Contractor panelist Dan Steffen, vice president, AAA Refrigeration Services, Bronx, NY — the 2008 ContractingBusiness.com Commercial Refrigeration Contractor of the Year — became aware of GreenChill through the Food Management Institute's (FMI's) Energy Conference, and later signed up to receive FMI web blasts. He stays in touch with supermarket colleagues, such as panelists Jon Perry, director, energy and maintenance, Farm Fresh, Virginia Beach, VA, and Price Chopper's Benny Smith. That friendship has kept him in the loop regarding the advanced systems they're using.

    "By interacting with Jon and Benny, I've been able to see and marvel at the advanced technology they’re using for their stores," Steffen said.

    "We service several retail customers consisting of chain stores and independents, who still don't have in-house refrigerant tracking," Steffen related. "Several aren't familiar with EPA regulations and requirements, so we provide them with tracking reports, to make sure they're compliant."

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    Communicating Leak Prevention
    The industry's best contractors are persistent communicators. They do all they can to encourage their customers to adopt more proactive measures. Unfortunately, they often encounter customer apathy when they suggest retrofits in the interest of leak prevention and efficiency.

    "There's the constant budget constraints and quest for return on investment. We're often asked 'how will this retrofit financially benefit my store?' If it's not something that helps to sell more products or have a quick financial benefit, it's not an easy sell," Steffen explained. "This is especially true when you're dealing with some of the smaller retailers; the last thing they consider changing is the rack or supporting equipment. The first things changed are the sales floor fixtures that display merchandise," Steffen said.

    It's quite a different experience when the retailer takes a strong position on the importance of the motor room and servicing conditions, Steffen stated. Therefore, in the interest of education, he and the team at AAA continually strive to make inroads with system upgrades.

    Whole Lotta' Shakin'
    Vibration is a major conributor to refrigerant leaks, which puts regular preventive maintenance at the top of the to-do list of these progressive contractors.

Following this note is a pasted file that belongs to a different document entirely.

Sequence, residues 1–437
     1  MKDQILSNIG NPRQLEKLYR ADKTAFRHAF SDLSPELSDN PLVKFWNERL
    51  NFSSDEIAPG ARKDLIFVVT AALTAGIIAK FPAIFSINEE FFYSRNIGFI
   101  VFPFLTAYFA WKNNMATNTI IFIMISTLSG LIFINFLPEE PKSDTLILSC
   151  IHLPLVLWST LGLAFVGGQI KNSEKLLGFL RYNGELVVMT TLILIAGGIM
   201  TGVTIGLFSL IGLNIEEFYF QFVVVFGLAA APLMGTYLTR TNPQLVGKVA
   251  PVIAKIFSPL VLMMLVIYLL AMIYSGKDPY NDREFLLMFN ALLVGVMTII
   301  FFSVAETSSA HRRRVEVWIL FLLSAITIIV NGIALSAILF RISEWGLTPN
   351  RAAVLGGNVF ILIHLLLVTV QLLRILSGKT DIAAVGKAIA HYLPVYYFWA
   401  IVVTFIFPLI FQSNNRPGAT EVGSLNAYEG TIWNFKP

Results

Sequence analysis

"Through preventive maintenance programs, we perform routine leak checks and tightening of lines and caps, which come loose over time and result in leaks," Steffen explained.

    In many cases, however, customers become victims of contractors' competitive pricing, especially when bid specifications are not clear. If the servicing contractor is only providing spotty check-ups, leaks will persist. When a more quality-focused contractor obtains the contract, they take the proper steps right from the start.

    "For example, in stores in which we didn't install the equipment, we'll change out capillary tubes with some of the armored super hoses, because we recognize that's a prime source of leaks," Steffen said.

    The Pressure of Time
    Time waits for no contractor who's working on a system repair. Even when the contractor bends over backwards and provides an overnight repair, they can still run out of time, come the dawning of a new day.

    "Most mini-remodels start at 9PM, and cases need to be up and running the next morning by 6AM, which leaves very little room for error," Steffen explained. "We understand that you don't make money with an empty case. But with proper scheduling you can reduce some of the leaks that are out there."

    Store remodeling scenarios can also exert pressure on the team to finish faster, and Stan Shumbo, president, Eastern Refrigeration, Colchester, CT, thinks there has to be a compromise solution.

    "In a remodel situation, we get put under a lot of pressure, because we’re not responsible for receiving and setting the cases. The carpenters receive them and set them, and at 4AM they say, 'OK guys, you’re ready to roll.' Three hours later, the retailer is ready to load product. It doesn't give us a lot of time to react and do it correctly. There’s got to be a happy medium somewhere," Shumbo stated.

    DHR Mechanical's Ron Smith said all refrigeration contractors are in a sense in the retail business, and must do all they can to help supermarkets continue to sell groceries.

    "Most of the facilities' people understand, and they try to give us as much time as humanly possible," Smith said. Smith has applied some GreenChill leak reduction best practices as part of DHR’s installation specifications.